Dilated pupils or mydriasis

Dilated pupils or mydriasis

01 September 2022

The condition of dilated pupils - or mydriasis - occurs when the black center of the eyes is larger than normal. It can be caused by dilating drops from an eye exam, side effects of medications or traumatic injury.

Pupils dilate naturally due to changes in light and emotional events, but unusual pupil dilation may be due to a medical condition.

Pupils change size to control the amount of light entering the eye. The colored part of the eye (the iris) controls the size of the pupil by small muscles. Depending on the amount of ambient light, the pupils become smaller or larger to regulate the amount of light entering the eye. These changes are called direct responses. The pupils also shrink when the eye focuses on a nearby object. This is called an accommodative response. If the pupil does not shrink in bright light or dilate in the dark, the pupil is not functioning normally.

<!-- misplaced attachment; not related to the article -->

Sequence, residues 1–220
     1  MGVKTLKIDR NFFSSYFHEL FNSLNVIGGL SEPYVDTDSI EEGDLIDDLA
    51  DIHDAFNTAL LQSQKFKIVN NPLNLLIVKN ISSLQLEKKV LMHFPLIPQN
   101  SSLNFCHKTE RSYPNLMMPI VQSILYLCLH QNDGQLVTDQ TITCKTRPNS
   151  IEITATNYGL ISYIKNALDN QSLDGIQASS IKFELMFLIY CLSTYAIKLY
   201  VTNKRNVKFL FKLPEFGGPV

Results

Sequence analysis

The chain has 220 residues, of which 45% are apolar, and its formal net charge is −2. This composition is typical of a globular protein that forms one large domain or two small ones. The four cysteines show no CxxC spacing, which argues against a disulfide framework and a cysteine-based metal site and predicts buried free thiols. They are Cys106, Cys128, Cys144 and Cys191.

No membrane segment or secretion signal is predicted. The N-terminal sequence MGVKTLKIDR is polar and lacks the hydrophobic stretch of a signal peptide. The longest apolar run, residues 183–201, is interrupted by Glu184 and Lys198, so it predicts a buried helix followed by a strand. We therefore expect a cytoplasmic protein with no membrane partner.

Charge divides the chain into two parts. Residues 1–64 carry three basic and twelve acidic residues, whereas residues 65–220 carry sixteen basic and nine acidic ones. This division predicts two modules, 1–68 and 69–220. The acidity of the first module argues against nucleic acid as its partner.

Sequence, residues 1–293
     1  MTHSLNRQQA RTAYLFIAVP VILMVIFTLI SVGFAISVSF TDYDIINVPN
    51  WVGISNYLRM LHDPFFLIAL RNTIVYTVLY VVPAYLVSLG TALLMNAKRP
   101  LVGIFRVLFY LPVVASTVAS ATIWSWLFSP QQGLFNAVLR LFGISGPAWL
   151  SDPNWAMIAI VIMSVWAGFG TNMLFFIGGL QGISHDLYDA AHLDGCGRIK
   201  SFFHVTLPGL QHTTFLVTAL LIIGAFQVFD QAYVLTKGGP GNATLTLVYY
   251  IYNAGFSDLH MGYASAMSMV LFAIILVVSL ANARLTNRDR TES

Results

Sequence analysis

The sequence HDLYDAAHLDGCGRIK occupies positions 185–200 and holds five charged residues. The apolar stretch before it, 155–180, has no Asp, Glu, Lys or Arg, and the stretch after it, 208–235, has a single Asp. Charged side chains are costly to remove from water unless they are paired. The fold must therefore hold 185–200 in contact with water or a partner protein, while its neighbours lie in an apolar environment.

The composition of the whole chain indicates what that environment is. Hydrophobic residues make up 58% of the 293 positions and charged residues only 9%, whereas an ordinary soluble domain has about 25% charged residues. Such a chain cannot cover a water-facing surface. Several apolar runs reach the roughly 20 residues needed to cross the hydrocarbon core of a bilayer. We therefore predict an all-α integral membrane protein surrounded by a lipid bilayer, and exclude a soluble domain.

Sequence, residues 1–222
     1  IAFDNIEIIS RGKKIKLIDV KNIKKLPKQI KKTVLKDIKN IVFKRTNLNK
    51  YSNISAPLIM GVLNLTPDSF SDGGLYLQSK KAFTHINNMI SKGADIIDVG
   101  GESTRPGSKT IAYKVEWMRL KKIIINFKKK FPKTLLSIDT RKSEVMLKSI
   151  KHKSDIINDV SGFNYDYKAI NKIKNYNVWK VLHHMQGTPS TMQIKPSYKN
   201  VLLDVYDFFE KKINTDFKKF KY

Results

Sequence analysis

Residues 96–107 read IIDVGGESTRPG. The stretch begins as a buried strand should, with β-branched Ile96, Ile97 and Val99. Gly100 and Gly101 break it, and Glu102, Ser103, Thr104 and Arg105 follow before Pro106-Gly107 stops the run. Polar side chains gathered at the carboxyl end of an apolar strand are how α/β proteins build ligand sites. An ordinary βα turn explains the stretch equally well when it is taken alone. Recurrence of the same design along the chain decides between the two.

Often, dilated pupils cause symptoms depending on how light reaches the eye. These include:

  • Blurred vision
  • Headache
  • Sensitivity to light

If you have received dilating drops from an ophthalmologist, your eyes may be dilated for 4 to 24 hours. The duration will depend on the type of drop used and how your body responds to it.

If pupil dilation is the side effect of a medication, the duration may vary depending on the type and dose taken.

When pupil dilation is a reaction to an emotional factor (adrenaline, attraction, stress) it may have a shorter duration, and the pupil may return to normal size in as little as two to three minutes.

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